CANNES, France -- “I'm not interested in being safe, and I'm willing to fail because of that,” Nicole Kidman declares, not a shred of doubt in her voice. “I feel very ashamed when I do something safe.”
That may sound like the easy thing for an actor to say sitting in a quiet cabana at the luxurious Hotel du Cap-Eden-Roc. But throughout her career, which includes three Oscar nominations and one victory, Kidman has always walked that particular walk as well as talked it, and never more so than this year.
Kidman has two films showing this year at the Cannes Film Festival (Philip Kaufman's “Hemingway & Gellhorn” and Lee Daniels' “The Paperboy”), and they showcase her in roles that couldn't be more wildly different. As far as Kidman is concerned, that is a very good thing. “The diversity of characters is the thing I'm most interested in,” she says. “I don't think I do well playing myself.”
In “Hemingway & Gellhorn,” Kidman plays journalist Martha Gellhorn, married to the novelist (played by Clive Owen) for five years but best remembered today as one of the 20th century's great war reporters.
“I don't get to read many scripts that are going to be made that are driven by a woman,” Kidman, 44, says of her interest in the project. “She's a woman who sacrifices a lot, who doesn't compromise, for a force she feels inside her, which is to tell the stories of people around her.”
If both this HBO production and Kidman's role in it share the pleasant feeling of classic, almost glamorous filmmaking, “The Paperboy,” adapted from the Pete Dexter novel, is something else again. A lurid, wildly excessive melodrama that depicts rural Florida in the 1960s as a cesspool of feverish mendacity, “Paperboy” features the actress totally convincing as a character whom fellow residents of Moat County describe as “an oversexed Barbie doll.”
That would be Charlotte Bless, a woman of formidable, unapologetic sexuality whose main activity is starting epistolary romances with death row inmates. She focuses on Hillary Van Wetter (John Cusack), a sullen, white-trash alligator hunter behind bars for killing the local sheriff, and convinces Miami journalist Ward James (Matthew McConaughey) and his younger brother Jack (Zac Efron) that his claims of innocence are worth investigating.
A maelstrom of seething emotions, “Paperboy” features scenes of extreme and graphic sexuality. In taking the part, Kidman was guided, as she often is, by her connection with the filmmaker. “I believe in putting an enormous amount of trust in your director, and I'm willing to take the knocks if it doesn't work,” she says. “I've chosen that path, chosen to contribute, and I have to trust as an actor and try not to be a control freak.”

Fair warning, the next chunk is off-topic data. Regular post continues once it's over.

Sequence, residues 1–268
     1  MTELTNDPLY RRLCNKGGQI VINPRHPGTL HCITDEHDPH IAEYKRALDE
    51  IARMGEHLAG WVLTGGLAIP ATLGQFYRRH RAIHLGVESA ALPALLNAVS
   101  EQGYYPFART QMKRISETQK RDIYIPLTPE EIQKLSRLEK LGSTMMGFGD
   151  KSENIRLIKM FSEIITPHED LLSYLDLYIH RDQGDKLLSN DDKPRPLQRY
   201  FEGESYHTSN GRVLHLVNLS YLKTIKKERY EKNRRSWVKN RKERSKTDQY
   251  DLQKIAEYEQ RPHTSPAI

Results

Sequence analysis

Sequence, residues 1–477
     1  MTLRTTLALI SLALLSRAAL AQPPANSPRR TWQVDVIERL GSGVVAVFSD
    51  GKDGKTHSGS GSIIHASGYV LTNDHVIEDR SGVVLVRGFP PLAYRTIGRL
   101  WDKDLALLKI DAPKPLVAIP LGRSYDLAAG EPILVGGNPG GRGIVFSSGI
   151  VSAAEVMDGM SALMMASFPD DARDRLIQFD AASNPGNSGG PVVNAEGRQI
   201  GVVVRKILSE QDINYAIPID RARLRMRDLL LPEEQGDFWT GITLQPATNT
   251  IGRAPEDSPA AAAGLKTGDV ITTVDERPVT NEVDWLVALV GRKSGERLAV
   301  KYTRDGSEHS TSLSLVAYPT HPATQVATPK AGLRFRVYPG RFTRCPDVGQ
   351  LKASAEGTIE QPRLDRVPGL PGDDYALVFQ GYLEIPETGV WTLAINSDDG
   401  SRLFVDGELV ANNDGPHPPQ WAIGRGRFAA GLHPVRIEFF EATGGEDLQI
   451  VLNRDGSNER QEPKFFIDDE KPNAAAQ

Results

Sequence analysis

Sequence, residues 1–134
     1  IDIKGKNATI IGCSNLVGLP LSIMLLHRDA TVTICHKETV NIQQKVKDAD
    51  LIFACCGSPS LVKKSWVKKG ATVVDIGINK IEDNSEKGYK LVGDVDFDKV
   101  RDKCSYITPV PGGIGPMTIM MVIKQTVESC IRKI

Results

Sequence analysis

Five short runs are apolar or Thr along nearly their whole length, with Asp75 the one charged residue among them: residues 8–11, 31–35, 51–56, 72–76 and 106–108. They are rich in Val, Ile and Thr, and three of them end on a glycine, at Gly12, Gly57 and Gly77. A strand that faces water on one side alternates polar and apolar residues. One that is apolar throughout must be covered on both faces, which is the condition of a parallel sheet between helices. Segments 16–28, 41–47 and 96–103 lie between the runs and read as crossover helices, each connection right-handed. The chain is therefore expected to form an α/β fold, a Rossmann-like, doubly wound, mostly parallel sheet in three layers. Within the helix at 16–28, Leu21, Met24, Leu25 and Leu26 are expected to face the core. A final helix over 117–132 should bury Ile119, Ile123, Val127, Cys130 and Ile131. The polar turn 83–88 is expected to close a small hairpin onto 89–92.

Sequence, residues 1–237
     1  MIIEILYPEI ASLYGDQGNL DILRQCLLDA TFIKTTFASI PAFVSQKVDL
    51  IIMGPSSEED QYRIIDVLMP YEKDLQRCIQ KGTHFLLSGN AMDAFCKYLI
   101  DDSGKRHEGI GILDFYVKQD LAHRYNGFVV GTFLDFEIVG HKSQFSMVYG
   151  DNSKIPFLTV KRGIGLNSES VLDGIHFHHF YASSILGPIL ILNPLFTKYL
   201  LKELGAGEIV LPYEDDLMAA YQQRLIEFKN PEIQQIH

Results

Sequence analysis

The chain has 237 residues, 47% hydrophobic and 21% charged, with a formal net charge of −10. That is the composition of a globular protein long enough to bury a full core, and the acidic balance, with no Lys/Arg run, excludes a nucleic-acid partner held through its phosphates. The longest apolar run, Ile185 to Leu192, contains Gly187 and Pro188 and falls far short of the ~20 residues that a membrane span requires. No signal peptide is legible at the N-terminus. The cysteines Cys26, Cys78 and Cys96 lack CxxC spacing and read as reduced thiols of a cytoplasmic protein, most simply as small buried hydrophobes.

With Kaufman, Kidman responded to a director she describes as “incredibly deep and a philosopher with a very wise outlook on life.”
A fan of Daniels' best picture Oscar nominee “Precious,” Kidman describes the director as feeling “‘give me all of it, I want to devour the world.' Lee is raw and abandoned, he will do or say anything, he's completely erratic and wild and will shock you with the things he says.”
Because Kidman makes decisions about parts on a gut level, she is used to hearing criticism about her choices.
“There are so many different opinions out there, it is so extreme, diverse and loud, there is so much noise, that to get caught up in that seems like minutia,” she says. What she does feel is “protective of the director. I worry about how they're going to fare. I'm there, but it's them, they're putting themselves on the line.”
The thing that Kidman feels most protective about, however, is her marriage to country star Keith Urban and her two youngest children, 4-year-old Sunday and 17-month-old Faith. (She has two other children from her previous marriage to Tom Cruise.)
“That's my priority in terms of my life,” she says, noting that she and Urban try not to be apart for more than three or four days and that he is taking a long plane ride to be with her for a day in Cannes.
Projects Kidman takes now must factor family in. “Six months in Africa, I can't do that,” she says. “I cannot stand to be away from the girls. I'm not willing to leave them, it's very painful. I attach very deeply, and there are ramifications, pain to endure, if you allow yourself to attach and love to that extreme.”
The couple and their children live outside of Nashville, an area Kidman enjoys, among other reasons, because it is “removed” from the limelight.
“When you get to this age, I want to breathe, I can go with the flow of it,” she explains. “There's still a fire that ignites in me creatively, but I know how to put it out for a while.”
That fire is also the one thing Kidman is not willing to do without professionally. “As you get older, you can lose that abandonment,” she says. “I want to stay in that place of ‘Try it, why not.' I very much still try to maintain that artistically.”
Given where she is in her life, Kidman looks thoughtful when reminded that when she was a teenager beginning serious acting in Australia, she decided to model her career on Katharine Hepburn: She wasn't going to marry or have kids, she was just going to act.
“I knew the thing I need to do was seek out my path artistically,” she says, looking back now on her younger self. “A burning force within me wanted to go out and explore the world, have experiences. If I was going to fall in love at 18 and have a child, I would not have done that.
“In my psyche, the desire to find a partner was very strong, but I didn't want to give in to that. I had to fight against what I knew my nature was.”
It's something she doesn't have to do anymore.
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-- Kenneth Turan
Photo: Nicole Kidman at the Hotel du Cap. Credit: Patricia Williams / For The Times